Notice from Adobe about IdP SHA-1 certificates

Peter Schober peter.schober at
Tue Jul 21 12:21:21 UTC 2020

* Yeargan, Yancey <Yancey.Yeargan at> [2020-07-15 23:52]:
> Just a heads-up. I received this notice from Adobe saying that
> identity provider certificates must be signed using SHA-256 by end
> of October.

Can someone share some concrete technical information about this
issue? We're getting similar requests from our community and I can't
make heads or tails of the answers provided so far in this thread.
(Not having any involvement with the vendor because *of* *course* it
does not support multi-party federation.)

So contrary to how this reads (also) to me, are people here saying
this is about their own SP certificate, that in fact they are changing
their SP certificate?!

If not, are people actually considering to change their IDP key pair
(or adding another, one only for use with that vendor) based solely on
the nonsensical[1] request of a vendor to change the digest algorithm
on a (very likely) self-signed certificate?

And even if Adobe (with either SP implementation, I hear ther are two:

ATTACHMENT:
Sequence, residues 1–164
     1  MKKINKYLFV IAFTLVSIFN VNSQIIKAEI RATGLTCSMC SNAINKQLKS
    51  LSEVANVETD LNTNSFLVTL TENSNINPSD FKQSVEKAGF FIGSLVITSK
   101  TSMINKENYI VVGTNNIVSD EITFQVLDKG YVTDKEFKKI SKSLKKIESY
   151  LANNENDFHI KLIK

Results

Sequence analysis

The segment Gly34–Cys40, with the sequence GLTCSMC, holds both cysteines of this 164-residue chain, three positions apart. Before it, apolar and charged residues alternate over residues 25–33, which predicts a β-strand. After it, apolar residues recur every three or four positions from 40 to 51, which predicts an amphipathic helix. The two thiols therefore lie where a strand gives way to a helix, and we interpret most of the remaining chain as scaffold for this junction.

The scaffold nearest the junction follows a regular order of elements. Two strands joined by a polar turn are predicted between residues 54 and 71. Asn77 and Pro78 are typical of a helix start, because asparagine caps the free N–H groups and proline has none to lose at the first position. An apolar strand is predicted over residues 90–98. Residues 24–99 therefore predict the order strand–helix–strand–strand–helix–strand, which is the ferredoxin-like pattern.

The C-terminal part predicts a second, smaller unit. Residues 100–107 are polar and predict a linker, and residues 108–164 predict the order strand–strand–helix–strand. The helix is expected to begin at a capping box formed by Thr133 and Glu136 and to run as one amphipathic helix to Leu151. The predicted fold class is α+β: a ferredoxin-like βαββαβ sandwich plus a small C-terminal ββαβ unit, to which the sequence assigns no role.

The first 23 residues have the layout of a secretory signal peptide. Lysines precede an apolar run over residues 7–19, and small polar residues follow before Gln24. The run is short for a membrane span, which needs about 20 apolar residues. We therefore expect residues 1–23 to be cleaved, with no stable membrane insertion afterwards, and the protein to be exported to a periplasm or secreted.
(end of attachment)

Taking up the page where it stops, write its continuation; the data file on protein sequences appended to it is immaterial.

one and another one?) absolutely refused to accept SAML
assertions/reponses that are signed with a certificate they detect as
using the sha1 digest algo -- why would I change my IDP certificate
when I could simply re-wrap that same key/modulus into another
self-signed certificate using the sha256 digest algo and upload that
re-wrapped certificate to their self-service consone?
(Or is there hard evidence that they not only use the certificate on
record for sha1 digest checking but also that they require the
certificate embedded in the signed SAML assertion/response to
literally match the certificate they have on record -- not that simply
the signature can be validated?)


[1] Assuming the IDP certificate is self-signed there is *zero* trust
to be derived from the (self-)signature of that certificate (i.e.,
subject == issuer, something claiming it is itself by itself saying
so) and consequently the digest algorithm used in that signature is
also completely meaningless: It does not confirm or make trustworthy
any part of the certificate (trust needs to come from elsewhere!) and
therefore the algorithm used in calculating an irrelevant signature is
also irrelevant.
I.e., there is nothing to gain from changing the digest algo of your
IDP signing certificate other than possibly to please people who have
no idea how this works or what any of this means, which certainly is
one road to hell.

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